The Hawthorn [poem by Philip Durham Lorimer]

[Editor: This poem by Philip Durham Lorimer was published in Songs and Verses by Philip Durham Lorimer: An Australian Bush Poet, 1901.]

The Hawthorn

This the Hawthorn, flower of May,
Purest emblem of the Spring :
With the breath of love it tells thee
Of the pleasures sunbeams bring.
When its fragrance in thy bosom
Thrills thee with its magic power,
Life becomes a dream of Heaven —
Ecstasy thy spirit’s dower.
Yes ! my Jane, the Summer flowerets
Bear no bloom so sweet as this ;
For its beauty and its fragrance
Surely tell of future bliss.
Thy delight has never wandered
O’er Britannia’s meadows green.
Where this wild flower sweetly wreathing
Breathes so gently o’er the scene,
And to evening air imparteth
All its sweetness, all its worth,
And the breezes bear its incense
O’er the beauty of the earth.
And I tell thee that this fragrance,
With its rich and lovely kiss,
Upward soars away to heaven,
Leaving there the Spring-tide bliss.

This the Hawthorn, flower of May,
Wafting here its loveliness ;
Give it now thy sweet embraces —
And thy sheltering tenderness.
Think not that its power has vanished —
Thoughts like these unworthy seem :
Thy Creator’s hand is even
With the flow’ret in its dream.
And, my Jane, that Hand is with thee
When the fragrance scatters here.
Sweetness of the Spring-tide beauty,
All that bloomed within a year,
Still I see the bough and blossom,
Hues that fade not come at will,
And my memory now can bring me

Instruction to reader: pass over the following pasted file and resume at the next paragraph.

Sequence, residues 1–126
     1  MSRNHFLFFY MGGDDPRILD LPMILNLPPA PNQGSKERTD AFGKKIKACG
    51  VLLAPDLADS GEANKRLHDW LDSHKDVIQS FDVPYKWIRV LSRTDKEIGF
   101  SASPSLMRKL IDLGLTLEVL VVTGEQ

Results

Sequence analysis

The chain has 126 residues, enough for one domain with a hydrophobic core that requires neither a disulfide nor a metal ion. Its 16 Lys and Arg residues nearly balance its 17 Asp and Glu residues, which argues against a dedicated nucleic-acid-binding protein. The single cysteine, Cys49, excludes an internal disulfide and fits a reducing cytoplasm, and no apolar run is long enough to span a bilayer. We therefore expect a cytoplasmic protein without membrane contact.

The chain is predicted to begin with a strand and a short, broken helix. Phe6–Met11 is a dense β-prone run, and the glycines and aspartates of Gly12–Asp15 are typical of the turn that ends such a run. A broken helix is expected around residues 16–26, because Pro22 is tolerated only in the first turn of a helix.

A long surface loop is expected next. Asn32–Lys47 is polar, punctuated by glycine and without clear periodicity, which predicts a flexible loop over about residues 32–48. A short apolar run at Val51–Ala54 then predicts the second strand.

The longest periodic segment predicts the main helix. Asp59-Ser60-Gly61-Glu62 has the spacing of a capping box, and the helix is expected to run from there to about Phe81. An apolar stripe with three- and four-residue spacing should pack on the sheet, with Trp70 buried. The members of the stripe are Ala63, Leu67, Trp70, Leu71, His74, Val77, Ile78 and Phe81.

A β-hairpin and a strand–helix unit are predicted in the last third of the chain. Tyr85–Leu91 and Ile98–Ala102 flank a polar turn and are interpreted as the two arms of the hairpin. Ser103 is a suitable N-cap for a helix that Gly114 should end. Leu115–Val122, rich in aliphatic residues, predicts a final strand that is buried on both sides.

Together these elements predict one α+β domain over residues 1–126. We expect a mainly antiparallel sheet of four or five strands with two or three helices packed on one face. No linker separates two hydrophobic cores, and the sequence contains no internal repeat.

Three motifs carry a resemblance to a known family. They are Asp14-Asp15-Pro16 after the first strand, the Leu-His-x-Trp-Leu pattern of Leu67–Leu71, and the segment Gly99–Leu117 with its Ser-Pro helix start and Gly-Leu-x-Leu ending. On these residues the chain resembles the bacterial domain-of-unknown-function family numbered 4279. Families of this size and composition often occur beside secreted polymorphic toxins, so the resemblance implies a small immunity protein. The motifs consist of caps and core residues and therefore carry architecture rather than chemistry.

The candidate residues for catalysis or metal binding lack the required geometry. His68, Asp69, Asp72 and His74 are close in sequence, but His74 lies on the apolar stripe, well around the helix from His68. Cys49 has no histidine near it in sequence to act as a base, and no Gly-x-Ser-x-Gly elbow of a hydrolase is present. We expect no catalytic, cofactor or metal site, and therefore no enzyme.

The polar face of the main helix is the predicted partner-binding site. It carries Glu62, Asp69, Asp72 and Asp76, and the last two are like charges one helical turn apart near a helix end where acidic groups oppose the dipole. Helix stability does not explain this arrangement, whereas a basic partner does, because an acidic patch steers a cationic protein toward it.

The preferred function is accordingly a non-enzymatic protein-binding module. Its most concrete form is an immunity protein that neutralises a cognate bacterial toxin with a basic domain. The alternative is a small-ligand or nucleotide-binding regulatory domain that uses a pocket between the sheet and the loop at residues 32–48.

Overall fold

All the blossoms blooming still,
And the blackbird’s warbling sonnet
Tones still clear in melody,
On the wing of fond remembrance,
Through those boughs still come to me.
And I tell thee that the Hawthorn
Which so scents the fields to-day,
Long will live, for Heav’n has crowned it —
Crowned it as the Queen of May.

This the Hawthorn, flow’r of May,
Breathing here its softest breath,
In the woodland bower it blossomed :
In that bower it knew not death.
For though man has torn its splendour
From the pleasure of the glade,
Still its hues are lovely, lovely !
And they cannot, cannot fade.
And, my Jane, its fragrance living.
Flees to thee — to thine embrace :
Bringing thee a smile to linger
O’er the beauty of thy face ;
Resting there with spirit, longing.
Longing to ascend the sky,
And reluctant now to leave thee,
And to kiss the last “ Good-bye.”
In the Spring-tide crown it glittered
Foremost in its bright array :
Now, my Jane, it hastes to crown thee
As the sweetest Queen of May.

Sydney1871.



Source:
E. A. Petherick (editor). Songs and Verses by Philip Durham Lorimer: An Australian Bush Poet, William Clowes and Sons, London, 1901, pages 97-99

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